Wisconsin billionaire Diane Hendricks, a political associate of the Koch brothers and close ally of anti-labor Wisconsin Governor Scott Walker, gave $1.3 million to a pro-Johnson super PAC in September. "With her latest donation to Reform America, Hendricks is now up to $5.6 million that she had given to various PACs, super PACs, political parties and other entities helping out Johnson in his re-election bid," reported the Milwaukee Journal Sentinel.

Hendricks is not alone. As the election approaches, Feingold aides say, the Republican senator is "turning to his handful of billionaire backers to bail him out again." Most of the money is going to supposedly independent groups. Those groups are spending heavily on negative ads that amplify themes associated with Johnson's fiercely negative campaign. Desperate and angry, the erratic incumbent is lashing out at his challenger in increasingly visceral language that is often at odds with reality.

While Feingold has long been known as an independent progressive who works across lines of partisanship and ideology to get things done--as he did during his Senate tenure, when he partnered with sincere conservatives on issues ranging from campaign finance reform to privacy rights, trade policy, and presidential accountability--Johnson is now trying to dismiss his opponent as a political charlatan.

While Feingold sticks to the high road--telling reporters who ask about the incumbent's startlingly-negative campaign that: "I respect Senator Johnson and his office, and I'm going to continue to talk about the issues and not get involved in that sort of thing"--Johnson rants about how his challenger is "lying about me, distorting my record and engaging in class warfare."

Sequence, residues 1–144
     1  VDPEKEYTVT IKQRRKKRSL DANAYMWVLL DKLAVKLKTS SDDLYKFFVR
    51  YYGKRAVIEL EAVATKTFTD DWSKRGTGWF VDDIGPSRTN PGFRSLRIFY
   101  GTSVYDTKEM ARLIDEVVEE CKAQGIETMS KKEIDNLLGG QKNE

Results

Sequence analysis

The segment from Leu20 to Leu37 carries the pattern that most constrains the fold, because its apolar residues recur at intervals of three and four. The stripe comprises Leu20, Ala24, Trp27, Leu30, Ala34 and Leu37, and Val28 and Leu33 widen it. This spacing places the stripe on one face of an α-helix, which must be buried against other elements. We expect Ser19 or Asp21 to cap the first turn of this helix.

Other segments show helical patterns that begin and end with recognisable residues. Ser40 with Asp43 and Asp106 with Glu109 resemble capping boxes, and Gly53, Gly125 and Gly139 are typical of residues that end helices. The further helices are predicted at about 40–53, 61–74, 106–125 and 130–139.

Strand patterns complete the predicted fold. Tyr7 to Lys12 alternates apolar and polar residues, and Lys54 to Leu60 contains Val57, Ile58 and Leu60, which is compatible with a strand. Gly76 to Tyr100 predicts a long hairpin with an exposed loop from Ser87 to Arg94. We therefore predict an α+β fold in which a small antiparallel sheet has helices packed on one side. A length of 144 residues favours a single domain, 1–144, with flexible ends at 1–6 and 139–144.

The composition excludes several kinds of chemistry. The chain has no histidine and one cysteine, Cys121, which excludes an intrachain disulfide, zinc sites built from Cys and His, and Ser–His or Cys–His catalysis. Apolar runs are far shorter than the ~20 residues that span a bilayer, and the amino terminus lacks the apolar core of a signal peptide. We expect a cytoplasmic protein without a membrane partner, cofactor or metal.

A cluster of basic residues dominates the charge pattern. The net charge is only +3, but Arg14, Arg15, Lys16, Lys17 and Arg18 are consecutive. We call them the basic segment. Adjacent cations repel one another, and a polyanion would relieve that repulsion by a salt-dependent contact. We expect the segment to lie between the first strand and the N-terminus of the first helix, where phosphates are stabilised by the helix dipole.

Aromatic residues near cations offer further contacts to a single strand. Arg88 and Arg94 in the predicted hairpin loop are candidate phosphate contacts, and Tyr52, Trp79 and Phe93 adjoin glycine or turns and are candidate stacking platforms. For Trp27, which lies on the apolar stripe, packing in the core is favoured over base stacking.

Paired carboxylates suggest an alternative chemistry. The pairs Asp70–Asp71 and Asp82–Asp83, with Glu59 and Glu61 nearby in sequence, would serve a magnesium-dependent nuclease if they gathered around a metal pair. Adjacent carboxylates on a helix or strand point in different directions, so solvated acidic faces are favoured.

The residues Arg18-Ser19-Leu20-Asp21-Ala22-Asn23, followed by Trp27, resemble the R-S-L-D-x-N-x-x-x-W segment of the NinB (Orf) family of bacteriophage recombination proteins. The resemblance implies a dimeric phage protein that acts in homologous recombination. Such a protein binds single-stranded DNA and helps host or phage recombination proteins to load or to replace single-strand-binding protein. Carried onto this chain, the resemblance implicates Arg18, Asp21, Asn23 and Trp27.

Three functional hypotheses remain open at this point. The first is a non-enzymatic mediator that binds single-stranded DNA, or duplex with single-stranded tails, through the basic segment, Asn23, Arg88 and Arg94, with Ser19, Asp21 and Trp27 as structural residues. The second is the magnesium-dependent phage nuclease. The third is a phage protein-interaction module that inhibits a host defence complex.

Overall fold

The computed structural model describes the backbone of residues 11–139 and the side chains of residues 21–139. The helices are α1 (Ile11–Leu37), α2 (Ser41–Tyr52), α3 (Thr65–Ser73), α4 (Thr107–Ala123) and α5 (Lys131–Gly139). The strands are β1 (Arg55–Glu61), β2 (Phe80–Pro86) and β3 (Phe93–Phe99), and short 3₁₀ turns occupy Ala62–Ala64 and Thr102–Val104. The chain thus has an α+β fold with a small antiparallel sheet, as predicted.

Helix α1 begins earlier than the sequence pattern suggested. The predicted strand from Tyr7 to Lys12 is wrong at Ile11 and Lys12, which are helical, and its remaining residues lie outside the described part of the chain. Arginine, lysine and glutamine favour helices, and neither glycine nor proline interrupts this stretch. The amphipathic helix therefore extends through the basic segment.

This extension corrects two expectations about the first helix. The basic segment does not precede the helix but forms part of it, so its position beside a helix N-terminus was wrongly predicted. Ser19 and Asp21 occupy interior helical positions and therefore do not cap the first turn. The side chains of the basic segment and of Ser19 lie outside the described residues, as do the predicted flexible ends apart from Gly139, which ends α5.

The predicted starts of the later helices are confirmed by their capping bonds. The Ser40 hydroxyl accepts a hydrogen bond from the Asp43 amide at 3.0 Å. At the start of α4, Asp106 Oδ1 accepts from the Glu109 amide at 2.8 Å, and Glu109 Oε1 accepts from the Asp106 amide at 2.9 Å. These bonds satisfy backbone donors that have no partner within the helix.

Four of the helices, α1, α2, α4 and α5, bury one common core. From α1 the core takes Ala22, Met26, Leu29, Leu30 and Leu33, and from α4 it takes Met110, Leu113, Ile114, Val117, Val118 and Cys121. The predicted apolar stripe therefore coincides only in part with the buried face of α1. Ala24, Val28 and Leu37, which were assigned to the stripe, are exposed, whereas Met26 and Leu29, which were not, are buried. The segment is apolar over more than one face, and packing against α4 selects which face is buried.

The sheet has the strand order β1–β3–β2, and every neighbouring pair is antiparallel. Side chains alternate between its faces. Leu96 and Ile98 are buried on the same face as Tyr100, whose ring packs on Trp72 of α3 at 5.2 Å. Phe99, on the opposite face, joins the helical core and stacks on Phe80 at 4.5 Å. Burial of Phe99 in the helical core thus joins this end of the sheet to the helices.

Feingold's foe is millionaire Trump backer Ron Johnson, who chirps about campaigning as "the Ronald and the Donald."

A Donald Trump backer who chirps about campaigning with the Republican presidential nominee as "the Ronald and the Donald," Johnson has brought Trump-style politics to the Senate race. Of Feingold, the senator says, "He's a complete phony and I'm actually genuine."

In particular, Johnson is attacking Feingold for his post-Senate service, during which the Democrat taught at two prestigious universities (Stanford and Marquette), wrote a book on foreign policy in general and fighting terror threats in particular that continues to be praised by Democrats and Republicans (Arizona Senator John McCain: "Russ illuminates some of the challenges our nation faces in the post-9/11 era with his trademark integrity and independence"), and served as special envoy for the Great Lakes Region of Africa and the Democratic Republic of the Congo.

Johnson's attacks have grown so bizarre that they have been a certain level of amusement among commentators in Wisconsin. But the incumbent's "hysterical scorched-earth strategy" cannot be casually neglected, as it is backed up by a billionaire class that fears genuine reformers like Russ Feingold.

© 2023 The Nation